“Primarily what we offer is a place where people who are experiencing addiction or mental health concerns and who are working on their recovery can find people like themselves, and that includes the staff,” says Sean Harris, Executive Director of Recovery Institute. “It’s more of a healing environment and a place of belonging as opposed to a clinical treatment center. People can socialize and work together on their recovery rather than just coming for their individual service.”
Through sharing their recovery stories, staff and volunteers of the Recovery Institute seek to make Kalamazoo a stigma-free community.
In fact, the most important requirement for a job or a position on the Recovery Institute’s board of directors, with the exception of Harris as director, is that the volunteer or employee must have lived experience in recovery with substance use or a mental health diagnosis. And most peer support specialists will tell you their own recovery journey is ongoing and supported in turn by the support they give others.

“We have a really good track record of doing our work,” says Harris. “All of our staff have gone off disability by working here and have become taxpayers again. They are giving back in multiple ways.”

The Recovery Institute serves a wide range of people who have different needs and backgrounds, says Stewart, but most importantly, all of its services are free. 

“When you walk in here, you are within a community of peers,” says Niblack. “We don’t ask for a diagnosis. We don’t say, ‘Where’s your Medicaid card?’ People can walk in at any time to do a group, but if they just need to use the computer or get a cup of coffee, we’re here for that, too.”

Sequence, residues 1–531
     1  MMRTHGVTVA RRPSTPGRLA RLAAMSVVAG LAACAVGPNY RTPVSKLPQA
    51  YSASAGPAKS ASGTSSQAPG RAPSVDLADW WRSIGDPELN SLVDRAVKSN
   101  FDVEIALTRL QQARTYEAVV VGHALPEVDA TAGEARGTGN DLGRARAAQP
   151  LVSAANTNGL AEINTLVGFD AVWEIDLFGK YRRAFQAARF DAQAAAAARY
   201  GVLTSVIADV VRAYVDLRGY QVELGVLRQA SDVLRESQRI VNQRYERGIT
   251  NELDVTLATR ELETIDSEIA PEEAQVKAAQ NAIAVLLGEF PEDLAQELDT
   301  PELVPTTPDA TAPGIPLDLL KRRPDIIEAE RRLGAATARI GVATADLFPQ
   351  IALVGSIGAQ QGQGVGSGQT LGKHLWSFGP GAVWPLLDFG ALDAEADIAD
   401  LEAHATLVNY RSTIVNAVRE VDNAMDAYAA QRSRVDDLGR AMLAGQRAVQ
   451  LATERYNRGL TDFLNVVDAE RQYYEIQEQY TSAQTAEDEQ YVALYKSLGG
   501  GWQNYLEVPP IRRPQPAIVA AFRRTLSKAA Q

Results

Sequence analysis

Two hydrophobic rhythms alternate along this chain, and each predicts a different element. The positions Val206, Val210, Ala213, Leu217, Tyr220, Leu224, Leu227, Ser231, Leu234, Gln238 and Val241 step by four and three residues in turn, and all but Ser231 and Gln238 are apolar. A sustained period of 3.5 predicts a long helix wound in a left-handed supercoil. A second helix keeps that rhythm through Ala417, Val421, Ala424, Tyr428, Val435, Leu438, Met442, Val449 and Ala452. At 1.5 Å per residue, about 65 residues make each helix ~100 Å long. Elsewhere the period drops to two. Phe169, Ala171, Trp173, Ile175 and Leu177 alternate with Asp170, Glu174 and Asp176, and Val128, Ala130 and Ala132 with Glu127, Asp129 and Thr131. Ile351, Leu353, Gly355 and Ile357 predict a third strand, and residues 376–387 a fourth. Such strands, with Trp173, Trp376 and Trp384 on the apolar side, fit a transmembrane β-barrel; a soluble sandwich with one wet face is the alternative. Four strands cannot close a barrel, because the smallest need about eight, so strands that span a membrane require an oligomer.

Peer Navigators at Kalamazoo Public Library

Each year of its 13-year existence, the Recovery Institute has expanded its reach—through the courts, psychiatric clinics, homeless shelters, social service agencies, health clinics, and colleges and universities, among others. 

In September, 2018, a unique partnership was formed with the Kalamazoo Public Library called Peer Navigators. On the second floor of the central branch, Peer Navigators staff a desk and offer an ear, words of encouragement, and information regarding countywide social services and recovery-based programs. Harris and Kevin King, Head of KPL Branch and Circulation Services, agree it was a natural collaboration. 

“In many ways, we have a lot in common,” says Harris of the Institute and the library. “Recovery Institute is a recovery resource center where we direct people to any type of service available in town. That’s one of our key roles. The library has a very similar mission as a resource of information and culture and knowledge. They were serving patrons who had needs in the community that they weren’t super-sure how to handle, whether from homelessness or hunger. It’s been a great fit.”

King, inspired by five Peer Navigator programs he had been following that are all in major cities, such as New York and San Francisco, hatched the idea with Harris and the pilot program has been a huge success. Last year, 470 contacts were made, with 4.2 patrons served every hour in the 15-hour per week program. This year, the program has received additional funding and is expanding to 40 hours. 

“The library in most communities is the most non-stigmatized, non-biased institution,” says King. “You go to the library to get warm, to go to the bathroom, to generally feel safe.  A lot of times when people come to the library, they have issues with mental health, social needs, or homelessness. Our job at the library is to connect people to resources, and now we’re doing this through people.”